Federal Requirements

Are Hospitals Really Flouting Federal Requirements?

A new report by PatientRightsAdvocate.org claims that only 5% of US hospitals are fully compliant with disclosing their prices as required by the CMS. A summary of their report was featured in The Washington Post and has brought several questions from hospitals around the country.  You can read The Washington Post article here

The detailed report can be found here.

We took a close look at the report’s findings and concerns – and have put together our own observations and considerations.

First, we find the overall compliance rate of 5% exceptionally low. While there has been agreement that hospitals have not fully complied with all aspects of the new requirements, this research seems particularly biased and had a lower sample size of 500 hospitals.  Our own research found 29% compliance when evaluating approximately 3,400 hospitals.  We believe our compliance rate aligns with other national organizations evaluating the transparency disclosures.  For example, other key research groups found the following compliance rates:

  1. Kaiser = 33%
  2. Health Affairs = 22%
  3. Milliman = 68%
  4. Guidehouse = 45%

The report says, “We identified a hospital as noncompliant if it omitted any of the five standard charge criteria required by the rule, if it posted blanks or zeros in the data fields, if it did not post all negotiated payer rates associated with specific plans, or if the price estimator tool did not show both the negotiated rates and discounted cash prices to provide pricing for all healthcare consumers, including the uninsured and those desiring to pay cash directly.”  However, there are several flaws with this approach:

  1. Discounted cash pricing – some hospitals do not have established cash-pay prices.  While CMS requires this to be posted if the hospital has developed cash pricing, this group should not assume the exclusion of this information means the hospital has determined not to post it.  In CMS hospital audits, if this data is not present CMS has asked for validation.  We believe best practice would be to disclose if this pricing has not been developed to avoid confusion.  Still, an assumption of guilt is not fair and is a contributing factor to the lower overall compliance rate.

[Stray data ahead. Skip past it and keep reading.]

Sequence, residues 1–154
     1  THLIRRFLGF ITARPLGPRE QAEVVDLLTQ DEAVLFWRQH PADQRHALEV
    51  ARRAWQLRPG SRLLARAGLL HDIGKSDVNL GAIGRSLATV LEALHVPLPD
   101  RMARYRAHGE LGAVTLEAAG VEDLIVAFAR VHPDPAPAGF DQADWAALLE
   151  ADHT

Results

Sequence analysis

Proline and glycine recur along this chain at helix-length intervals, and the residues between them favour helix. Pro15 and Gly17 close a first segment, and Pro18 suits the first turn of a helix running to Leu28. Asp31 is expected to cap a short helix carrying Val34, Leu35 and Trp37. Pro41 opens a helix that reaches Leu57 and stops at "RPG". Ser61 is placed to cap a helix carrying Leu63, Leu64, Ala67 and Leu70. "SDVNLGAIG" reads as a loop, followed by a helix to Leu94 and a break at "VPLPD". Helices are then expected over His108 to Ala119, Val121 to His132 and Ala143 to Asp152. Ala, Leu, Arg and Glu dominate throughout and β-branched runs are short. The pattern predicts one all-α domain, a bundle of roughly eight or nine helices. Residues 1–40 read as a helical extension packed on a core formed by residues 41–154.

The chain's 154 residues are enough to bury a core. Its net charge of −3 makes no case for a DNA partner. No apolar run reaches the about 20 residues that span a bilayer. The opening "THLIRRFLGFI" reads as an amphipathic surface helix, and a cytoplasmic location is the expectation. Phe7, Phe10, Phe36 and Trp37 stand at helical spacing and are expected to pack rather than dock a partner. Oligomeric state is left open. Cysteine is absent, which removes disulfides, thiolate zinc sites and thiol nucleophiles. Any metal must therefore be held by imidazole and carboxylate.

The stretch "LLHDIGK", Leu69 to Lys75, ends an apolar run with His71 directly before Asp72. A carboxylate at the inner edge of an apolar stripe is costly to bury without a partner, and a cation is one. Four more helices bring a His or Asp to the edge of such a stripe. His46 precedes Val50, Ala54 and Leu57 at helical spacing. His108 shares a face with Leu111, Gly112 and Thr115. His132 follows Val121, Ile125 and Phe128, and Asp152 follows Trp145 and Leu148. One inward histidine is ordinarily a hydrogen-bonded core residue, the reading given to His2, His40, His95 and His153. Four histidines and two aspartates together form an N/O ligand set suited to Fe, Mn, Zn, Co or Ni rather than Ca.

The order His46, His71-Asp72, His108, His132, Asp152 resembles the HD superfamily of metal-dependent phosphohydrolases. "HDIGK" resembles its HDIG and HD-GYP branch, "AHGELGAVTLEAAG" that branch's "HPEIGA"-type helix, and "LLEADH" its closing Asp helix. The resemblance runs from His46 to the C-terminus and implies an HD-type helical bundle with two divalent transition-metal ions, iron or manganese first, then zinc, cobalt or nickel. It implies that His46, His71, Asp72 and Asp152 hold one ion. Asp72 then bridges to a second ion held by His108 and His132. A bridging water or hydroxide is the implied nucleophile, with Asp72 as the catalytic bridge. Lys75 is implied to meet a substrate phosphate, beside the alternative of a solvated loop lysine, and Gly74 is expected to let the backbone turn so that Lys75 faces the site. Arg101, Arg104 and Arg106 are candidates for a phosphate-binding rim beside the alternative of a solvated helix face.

2. Blanks/Zeros in data fields – there are numerous examples where a hospital could have a zero or null value for standard charge elements.  Again, to assume that the hospital is non-compliant for this reason alone is outside of the CMS requirements and does not reflect an understanding of industry practices.  Further, some examples of “compliant” hospitals on their list contained these values in their files.  This inconsistency in review casts a large shadow on the credibility of the report.
  3. Payer/Plan – the report found the biggest issue in this piece that “403 hospitals (80.6% of the 500) did not publish payer-specific negotiated charges ‘clearly associated with the names of each third-party payer and plan’ as required by the rule.”  However, their review of the files again appears to be lacking industry knowledge.   We see from their list of noncompliant hospitals that it appears they have assumed that all hospitals will have multiple negotiated rates for each payer.  While this is common it certainly can’t be assumed to exist for ALL payers.  The rule requires NEGOTIATED rates to be disclosed.  So, if there is only one Aetna plan that has been negotiated than the hospital would only need to list Aetna once.  This group seems to be assuming noncompliance based on not finding multiple entries for Aetna.

At the end of the day, the only group judging compliance that truly matters is CMS.  While there is still some ambiguity around who CMS has deemed compliant in their reviews we do know that some of the elements this group has utilized do not align with the CMS requirements.  Our opinion is that this report was primarily created to generate a headline and to promote their four proposed actions:

  1. Stricter penalties for noncompliance and vigorous enforcement of the rule
  2. Enhanced requirements for the list of 300 shoppable services
  3. Requirements for actual prices, not estimates  **Here the group would like to see guaranteed price quotes instead of price estimates in the shoppable tool
  4. Requirements for clear pricing data standards

As for these four proposed actions, stricter penalties could be on the way due to language in the OPPS proposed rule (read our summary here).  We also believe CMS will standardize reporting requirements in the future as this was also brought up for comment in the proposed rule.  As for requiring price guarantees, hospitals are essentially doing this through many shoppable tools today.  We’re not sure if this group is unhappy with the legal language that many tools have suggesting that a patient’s experience at the hospital could require care outside of what is being presented in the results?  To convey patient care variability, our tool provides ancillary procedures that are commonly done in conjunction with the selected service and how that would impact their financial obligation.  We believe this approach covers the needs of the hospital and the patient. 

In sum, we find the report to be lacking industry experience, inconsistent in its application of review criteria to the sample, and intended primarily to paint hospitals in a negative light with proposed actions that are already being considered or implemented.  If you have additional questions on price transparency you can watch our free summit here, or contact us here.

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